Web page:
David Fincher Turns to Kickstarter to Fund His Animated 'The Goon'
We've been talking about an animated film adaptation of Eric Powell's comic series The Goon since 2009, and with a heavy hitter like David Fincher on board as a producer, we figured we would have seen the finished product by now. But despite a presence at Comic-Con 2010 and a quick teaser showing off an early look at the animation style, they haven't been able to get funding from a studio to get this off the ground. So now Fincher, VFX whiz Tim Miller, and Blur Studios director Jeff Fowler are turning to Kickstarter (via Indiewire) to try to raise $400,000 from excited fans to create a full story reel for the movie. More below!
Here's the pitch video for The Goon from Fincher and Blur Studios via their Kickstarter page:
Looks pretty rad to me. Clancy Brown (The Shawshank Redemption) and Paul Giamatti are voicing the main characters, and they fit in really well with Powell's dank, grungy universe. They also have some of the coolest rewards that I've ever seen offered in a Kickstarter movie campaign, with everything from access to their production blog to keep an eye on the project's progress to a meet and greet with David Fincher himself and the rest of the production team after touring Blur Studios in Los Angeles.
But here's the heart of the debate. As the writer of FS.net's weekly Kickstart This column, I have read a lot of complaints in the comments about how established filmmakers shouldn't be using Kickstarter to raise money for their projects. There seems to be a school of thought out there that Kickstarter is only for the little guys, people who wouldn't otherwise be able to afford to create their artwork without the help of a community pledging their support. I'm torn on the subject, because I see why people would think that. It's the whole "why would millionaires turn to Kickstarter to raise money?" And "why wouldn't they fund it themselves?" argument. But allow me to offer a quick defense on their behalf.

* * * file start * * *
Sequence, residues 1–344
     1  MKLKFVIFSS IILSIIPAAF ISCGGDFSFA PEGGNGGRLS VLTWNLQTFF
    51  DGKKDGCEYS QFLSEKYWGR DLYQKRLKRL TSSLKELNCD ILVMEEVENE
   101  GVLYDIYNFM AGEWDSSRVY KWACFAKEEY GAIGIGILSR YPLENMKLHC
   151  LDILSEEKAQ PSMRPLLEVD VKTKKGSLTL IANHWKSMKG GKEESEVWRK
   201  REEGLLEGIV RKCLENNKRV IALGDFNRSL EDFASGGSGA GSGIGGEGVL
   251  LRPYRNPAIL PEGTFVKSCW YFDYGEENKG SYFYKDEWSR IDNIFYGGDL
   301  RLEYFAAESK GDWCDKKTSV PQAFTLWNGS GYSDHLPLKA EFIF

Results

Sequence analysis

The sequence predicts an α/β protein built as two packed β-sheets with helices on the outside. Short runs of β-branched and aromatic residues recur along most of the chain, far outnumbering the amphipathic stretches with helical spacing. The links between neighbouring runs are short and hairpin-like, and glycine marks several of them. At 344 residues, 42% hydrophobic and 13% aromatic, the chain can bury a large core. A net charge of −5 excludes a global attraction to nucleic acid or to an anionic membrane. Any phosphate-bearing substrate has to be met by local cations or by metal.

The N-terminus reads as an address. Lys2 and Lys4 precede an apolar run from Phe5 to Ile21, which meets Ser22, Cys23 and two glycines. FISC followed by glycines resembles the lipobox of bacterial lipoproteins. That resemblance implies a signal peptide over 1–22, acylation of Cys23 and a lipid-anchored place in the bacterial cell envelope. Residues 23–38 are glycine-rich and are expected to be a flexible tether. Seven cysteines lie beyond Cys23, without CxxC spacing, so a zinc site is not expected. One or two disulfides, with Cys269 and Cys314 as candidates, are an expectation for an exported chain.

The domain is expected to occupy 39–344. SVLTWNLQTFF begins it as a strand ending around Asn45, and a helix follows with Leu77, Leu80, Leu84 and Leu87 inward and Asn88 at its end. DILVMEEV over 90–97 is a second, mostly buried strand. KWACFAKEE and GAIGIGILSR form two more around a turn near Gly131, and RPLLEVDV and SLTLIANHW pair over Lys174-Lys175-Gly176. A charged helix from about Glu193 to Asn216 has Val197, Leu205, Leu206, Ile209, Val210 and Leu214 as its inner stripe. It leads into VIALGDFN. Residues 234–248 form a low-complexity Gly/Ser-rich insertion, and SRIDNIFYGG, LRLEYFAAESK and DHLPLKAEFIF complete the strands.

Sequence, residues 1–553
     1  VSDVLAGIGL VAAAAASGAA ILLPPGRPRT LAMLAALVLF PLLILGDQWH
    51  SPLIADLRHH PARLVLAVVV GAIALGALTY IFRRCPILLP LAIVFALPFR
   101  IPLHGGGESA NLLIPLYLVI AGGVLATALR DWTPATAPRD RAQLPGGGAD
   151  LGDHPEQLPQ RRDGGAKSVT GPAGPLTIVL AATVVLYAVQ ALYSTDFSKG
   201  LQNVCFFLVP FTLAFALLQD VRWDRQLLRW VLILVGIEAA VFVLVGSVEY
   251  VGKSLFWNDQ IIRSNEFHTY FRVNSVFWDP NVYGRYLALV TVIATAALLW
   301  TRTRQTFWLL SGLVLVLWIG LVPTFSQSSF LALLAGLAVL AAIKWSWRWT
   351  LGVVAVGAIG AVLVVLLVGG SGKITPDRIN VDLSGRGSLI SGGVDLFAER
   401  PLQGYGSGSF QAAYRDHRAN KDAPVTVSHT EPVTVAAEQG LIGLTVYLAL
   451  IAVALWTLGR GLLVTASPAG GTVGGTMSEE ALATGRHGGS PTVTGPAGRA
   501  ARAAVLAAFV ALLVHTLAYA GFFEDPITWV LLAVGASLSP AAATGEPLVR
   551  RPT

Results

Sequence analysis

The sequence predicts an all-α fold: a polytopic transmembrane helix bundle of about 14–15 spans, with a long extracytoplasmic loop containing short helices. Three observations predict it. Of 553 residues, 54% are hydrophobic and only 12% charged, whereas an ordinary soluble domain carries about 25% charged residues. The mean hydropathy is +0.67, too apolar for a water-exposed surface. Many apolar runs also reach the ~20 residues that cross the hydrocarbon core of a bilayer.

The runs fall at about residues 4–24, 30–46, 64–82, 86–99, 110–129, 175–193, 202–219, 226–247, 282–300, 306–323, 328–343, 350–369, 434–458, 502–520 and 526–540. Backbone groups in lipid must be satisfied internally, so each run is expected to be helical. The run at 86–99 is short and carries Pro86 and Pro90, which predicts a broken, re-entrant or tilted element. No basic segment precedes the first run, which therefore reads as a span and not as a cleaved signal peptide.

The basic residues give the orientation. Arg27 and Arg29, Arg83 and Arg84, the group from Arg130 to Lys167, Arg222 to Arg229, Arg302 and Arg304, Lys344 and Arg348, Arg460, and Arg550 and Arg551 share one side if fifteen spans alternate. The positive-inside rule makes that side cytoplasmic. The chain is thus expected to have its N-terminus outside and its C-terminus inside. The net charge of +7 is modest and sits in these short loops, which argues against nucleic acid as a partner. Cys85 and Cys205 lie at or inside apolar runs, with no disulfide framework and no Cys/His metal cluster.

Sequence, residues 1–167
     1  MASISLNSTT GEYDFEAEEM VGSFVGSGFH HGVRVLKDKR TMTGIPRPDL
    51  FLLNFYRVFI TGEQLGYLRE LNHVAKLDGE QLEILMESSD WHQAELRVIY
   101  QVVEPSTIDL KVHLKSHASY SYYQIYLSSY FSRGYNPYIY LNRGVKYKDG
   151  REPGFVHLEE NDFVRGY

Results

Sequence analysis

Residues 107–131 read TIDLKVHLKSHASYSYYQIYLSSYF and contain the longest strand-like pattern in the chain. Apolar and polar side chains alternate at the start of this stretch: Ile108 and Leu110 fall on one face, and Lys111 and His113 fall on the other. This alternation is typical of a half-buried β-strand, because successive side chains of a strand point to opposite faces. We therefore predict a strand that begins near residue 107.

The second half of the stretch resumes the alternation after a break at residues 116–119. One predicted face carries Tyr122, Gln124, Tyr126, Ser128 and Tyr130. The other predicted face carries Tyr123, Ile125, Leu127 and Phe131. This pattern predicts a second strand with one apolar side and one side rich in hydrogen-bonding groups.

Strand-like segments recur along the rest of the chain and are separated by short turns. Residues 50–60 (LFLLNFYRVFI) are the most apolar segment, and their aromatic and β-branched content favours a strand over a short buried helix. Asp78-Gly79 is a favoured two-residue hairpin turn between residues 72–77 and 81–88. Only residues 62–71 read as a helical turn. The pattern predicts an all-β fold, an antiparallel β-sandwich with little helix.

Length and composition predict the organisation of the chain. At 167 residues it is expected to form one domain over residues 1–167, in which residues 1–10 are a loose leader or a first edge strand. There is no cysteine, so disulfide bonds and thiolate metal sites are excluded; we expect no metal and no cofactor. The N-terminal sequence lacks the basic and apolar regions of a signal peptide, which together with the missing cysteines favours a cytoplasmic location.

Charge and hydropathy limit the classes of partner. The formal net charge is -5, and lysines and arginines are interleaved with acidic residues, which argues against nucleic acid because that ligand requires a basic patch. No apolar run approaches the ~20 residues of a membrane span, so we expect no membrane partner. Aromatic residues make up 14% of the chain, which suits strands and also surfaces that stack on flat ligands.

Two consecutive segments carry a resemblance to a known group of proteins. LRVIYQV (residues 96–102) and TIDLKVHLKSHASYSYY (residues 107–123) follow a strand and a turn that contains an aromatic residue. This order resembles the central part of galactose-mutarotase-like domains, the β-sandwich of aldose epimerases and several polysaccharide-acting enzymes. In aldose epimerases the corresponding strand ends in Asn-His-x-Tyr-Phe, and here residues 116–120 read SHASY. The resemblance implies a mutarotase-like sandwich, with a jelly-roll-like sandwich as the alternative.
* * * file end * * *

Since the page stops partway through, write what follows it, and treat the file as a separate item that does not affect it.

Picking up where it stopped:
From what I've seen, these established filmmakers have only been turning to Kickstarter to make things that otherwise couldn't or wouldn't be made outside of the studio system. They've tried the normal channels and because of Hollywood's one-track way of thinking, they've been shut down in various ways, or they know from the start that their work would be too much for the suits to process. Charlie Kaufman's stop-motion Anomalisa is a good example of one of these projects trying to get off the ground.
Who are we to say that these filmmakers use crowdfunding to allow these passion projects to exist? If Len Wiseman was on Kickstarter begging for money for his upcoming adaptation of The Mummy, that would be a different story entirely. But in the case of The Goon, we have a foul-mouthed, violent animated character that no studio would touch without a great presentation of exactly what it will look like and why it will work, and I don't blame Fincher and his team for trying to drum up some grassroots support for the project along the way. That way, you can quantify something for the suits during the presentation and say, "Look, we had this many people donate," or "this many people check out the page" as a way to prove audience interest.
We'll toss it to you: Should prominent filmmakers use Kickstarter to fund their films? Sound off!